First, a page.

Healthy diet | WHO recommendations

For optimal health and nutrition, a balanced diet is required.

It protects you from heart disease, diabetes, and cancer, among other chronic noncommunicable diseases. A healthy diet requires a diversity of foods and a reduction in sodium, carbohydrates, saturated fats, and industrially generated trans fats.

A balances Diet

A well-balanced diet consists of a variety of foods. These are some of them:

  • Cereals (wheat, barley, rye, maize, or rice) or starchy tubers or roots are staples (potato, yam, taro or cassava).
  • Legume (lentils and beans).
  • Vegetables and fruits.
  • foods derived from animals (meat, fish, eggs and milk).

Here is some helpful information about eating a healthy diet and the benefits of doing so, based on WHO standards.

WHO recommendations

Baby and young children should be breastfed.

  • Breastfeeding promotes healthy growth and may have longer-term health benefits, including as lowering the chance of becoming overweight or obese later in life and developing noncommunicable diseases.
  • Breast milk should be solely fed to babies from birth to six months of age to ensure a healthy diet. It’s also crucial to start introducing a variety of safe and nutritious supplementary foods at 6 months of age, while continuing to nurse until your child is at least two years old.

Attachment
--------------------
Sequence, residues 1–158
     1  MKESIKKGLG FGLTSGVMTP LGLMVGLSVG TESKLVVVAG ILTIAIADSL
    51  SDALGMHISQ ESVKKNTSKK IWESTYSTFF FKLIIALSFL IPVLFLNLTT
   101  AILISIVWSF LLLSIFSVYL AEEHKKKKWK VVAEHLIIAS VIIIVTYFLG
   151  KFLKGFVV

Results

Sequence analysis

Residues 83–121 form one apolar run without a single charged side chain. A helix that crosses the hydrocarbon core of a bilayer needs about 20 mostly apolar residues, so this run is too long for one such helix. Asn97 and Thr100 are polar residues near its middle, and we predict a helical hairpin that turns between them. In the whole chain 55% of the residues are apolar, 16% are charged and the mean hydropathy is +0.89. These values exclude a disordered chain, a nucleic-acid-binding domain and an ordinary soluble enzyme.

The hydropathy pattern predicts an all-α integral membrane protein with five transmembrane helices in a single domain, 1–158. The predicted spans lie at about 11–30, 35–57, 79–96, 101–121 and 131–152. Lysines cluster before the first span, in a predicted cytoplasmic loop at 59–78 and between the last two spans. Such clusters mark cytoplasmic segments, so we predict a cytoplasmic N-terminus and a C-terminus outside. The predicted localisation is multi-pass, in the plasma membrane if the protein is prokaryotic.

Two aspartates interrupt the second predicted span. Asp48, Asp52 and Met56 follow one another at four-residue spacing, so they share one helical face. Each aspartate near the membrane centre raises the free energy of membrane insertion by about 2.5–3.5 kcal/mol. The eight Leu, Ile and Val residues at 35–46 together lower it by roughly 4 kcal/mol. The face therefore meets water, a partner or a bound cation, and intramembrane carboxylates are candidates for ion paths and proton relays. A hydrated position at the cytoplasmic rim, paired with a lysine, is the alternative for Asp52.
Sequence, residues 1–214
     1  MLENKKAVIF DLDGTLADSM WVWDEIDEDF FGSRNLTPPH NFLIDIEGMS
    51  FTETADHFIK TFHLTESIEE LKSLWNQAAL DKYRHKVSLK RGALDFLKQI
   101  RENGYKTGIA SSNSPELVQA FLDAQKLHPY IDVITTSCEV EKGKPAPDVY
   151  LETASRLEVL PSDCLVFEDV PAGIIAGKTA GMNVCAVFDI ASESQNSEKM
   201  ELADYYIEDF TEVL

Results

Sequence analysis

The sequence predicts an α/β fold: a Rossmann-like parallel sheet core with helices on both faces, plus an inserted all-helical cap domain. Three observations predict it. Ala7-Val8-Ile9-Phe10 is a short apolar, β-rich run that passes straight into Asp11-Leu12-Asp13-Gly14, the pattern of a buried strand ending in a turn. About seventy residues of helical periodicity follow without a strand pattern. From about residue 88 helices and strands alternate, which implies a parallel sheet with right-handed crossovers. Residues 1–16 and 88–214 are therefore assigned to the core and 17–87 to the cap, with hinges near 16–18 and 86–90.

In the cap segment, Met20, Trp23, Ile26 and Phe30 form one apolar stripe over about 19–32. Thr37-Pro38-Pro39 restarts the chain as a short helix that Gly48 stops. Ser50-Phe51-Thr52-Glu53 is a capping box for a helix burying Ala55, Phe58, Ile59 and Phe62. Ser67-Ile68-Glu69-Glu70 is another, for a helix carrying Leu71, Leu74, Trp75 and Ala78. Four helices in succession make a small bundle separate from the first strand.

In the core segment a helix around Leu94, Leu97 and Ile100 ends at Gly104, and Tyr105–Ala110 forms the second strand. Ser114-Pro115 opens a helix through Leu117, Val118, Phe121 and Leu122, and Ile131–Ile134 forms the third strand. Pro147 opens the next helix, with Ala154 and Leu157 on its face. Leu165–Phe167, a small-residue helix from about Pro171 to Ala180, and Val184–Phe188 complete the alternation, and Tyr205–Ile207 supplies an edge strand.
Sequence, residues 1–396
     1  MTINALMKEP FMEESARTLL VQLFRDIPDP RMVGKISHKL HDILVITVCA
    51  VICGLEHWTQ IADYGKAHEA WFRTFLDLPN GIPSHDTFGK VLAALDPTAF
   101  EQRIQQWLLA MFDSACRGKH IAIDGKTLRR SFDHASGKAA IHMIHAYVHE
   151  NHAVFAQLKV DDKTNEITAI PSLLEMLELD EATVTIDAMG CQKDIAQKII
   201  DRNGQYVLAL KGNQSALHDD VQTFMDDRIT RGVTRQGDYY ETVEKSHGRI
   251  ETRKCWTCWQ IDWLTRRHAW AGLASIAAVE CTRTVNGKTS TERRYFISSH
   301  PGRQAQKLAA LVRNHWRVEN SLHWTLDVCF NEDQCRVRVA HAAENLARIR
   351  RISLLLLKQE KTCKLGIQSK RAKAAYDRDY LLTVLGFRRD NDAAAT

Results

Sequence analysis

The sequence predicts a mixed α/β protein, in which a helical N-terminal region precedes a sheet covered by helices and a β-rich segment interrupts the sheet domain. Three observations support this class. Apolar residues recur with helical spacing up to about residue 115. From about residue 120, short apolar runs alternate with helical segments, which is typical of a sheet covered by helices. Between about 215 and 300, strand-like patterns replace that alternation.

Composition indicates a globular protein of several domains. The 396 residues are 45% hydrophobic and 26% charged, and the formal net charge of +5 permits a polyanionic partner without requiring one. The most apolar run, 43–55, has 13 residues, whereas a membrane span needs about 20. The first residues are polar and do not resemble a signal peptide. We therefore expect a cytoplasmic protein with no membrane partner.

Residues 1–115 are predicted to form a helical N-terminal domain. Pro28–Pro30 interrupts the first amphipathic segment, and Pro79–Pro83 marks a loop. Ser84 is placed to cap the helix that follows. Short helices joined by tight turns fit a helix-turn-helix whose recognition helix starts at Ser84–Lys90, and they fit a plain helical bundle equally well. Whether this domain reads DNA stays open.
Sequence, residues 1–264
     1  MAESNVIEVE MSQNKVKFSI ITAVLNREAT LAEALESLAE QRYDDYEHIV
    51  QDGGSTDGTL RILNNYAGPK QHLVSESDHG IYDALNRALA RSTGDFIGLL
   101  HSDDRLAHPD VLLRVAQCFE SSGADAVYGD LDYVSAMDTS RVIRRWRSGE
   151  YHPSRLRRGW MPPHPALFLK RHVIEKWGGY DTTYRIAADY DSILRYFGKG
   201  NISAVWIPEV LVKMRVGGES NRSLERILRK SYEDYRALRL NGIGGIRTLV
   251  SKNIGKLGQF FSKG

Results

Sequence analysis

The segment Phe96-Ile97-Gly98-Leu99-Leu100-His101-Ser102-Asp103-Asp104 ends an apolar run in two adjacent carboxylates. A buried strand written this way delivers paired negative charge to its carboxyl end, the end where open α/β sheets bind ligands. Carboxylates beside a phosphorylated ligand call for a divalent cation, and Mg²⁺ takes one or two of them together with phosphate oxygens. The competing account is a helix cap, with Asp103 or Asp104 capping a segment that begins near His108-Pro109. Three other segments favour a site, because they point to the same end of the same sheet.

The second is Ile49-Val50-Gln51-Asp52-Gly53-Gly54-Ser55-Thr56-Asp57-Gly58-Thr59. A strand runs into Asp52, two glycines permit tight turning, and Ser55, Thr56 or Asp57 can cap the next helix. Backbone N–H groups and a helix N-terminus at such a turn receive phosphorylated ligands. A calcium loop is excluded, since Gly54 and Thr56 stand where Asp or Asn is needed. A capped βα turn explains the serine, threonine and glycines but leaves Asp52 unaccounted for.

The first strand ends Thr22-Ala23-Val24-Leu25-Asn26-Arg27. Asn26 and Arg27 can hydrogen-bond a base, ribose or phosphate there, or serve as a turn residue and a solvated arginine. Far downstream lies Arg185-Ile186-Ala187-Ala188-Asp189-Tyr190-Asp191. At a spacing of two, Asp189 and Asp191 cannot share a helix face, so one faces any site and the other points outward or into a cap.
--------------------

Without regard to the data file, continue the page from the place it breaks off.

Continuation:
Consume plenty of fruits and veggies.

  • Vitamins, minerals, dietary fiber, plant protein, and antioxidants are all abundant in them.
  • Obesity, heart disease, stroke, diabetes, and certain types of cancer are all reduced in people who eat a diet high in vegetables and fruit.

Reduce your fat intake

  • Fats and oils are concentrated energy sources. Too much fat, especially the improper forms of fat, such as saturated and industrially manufactured trans-fat, can raise the risk of heart disease and stroke.
  • Use unsaturated vegetable oils (olive, soy, sunflower, or maize oil) instead of animal fats or saturated fat-rich oils (butter, ghee, lard, coconut, and palm oil) to ingest healthier fats.
  • Total fat consumption should not exceed 30% of a person’s entire caloric intake to avoid harmful weight gain.

Sugar consumption should be kept to a minimum

  • Sugars should make up less than 10% of your overall energy intake in a healthy diet.
  • Reducing the percentage to less than 5% has further health benefits.
  • Fresh fruits, rather than sweet snacks like cookies, cakes, and chocolate, help to minimize sugar consumption.
  • Limiting sugary drinks such as soft drinks, soda, and other sugary drinks (fruit juices, cordials, and syrups, flavored milks, and yogurt drinks) can also help reduce sugar intake.

Reduce your salt consumption

  • In the adult population, limiting salt consumption to fewer than 5g a day helps to prevent hypertension and lowers the risk of heart disease and stroke.
  • When cooking and preparing foods, limiting the amount of salt and high-sodium condiments (soy sauce and fish sauce) helps to reduce salt intake.

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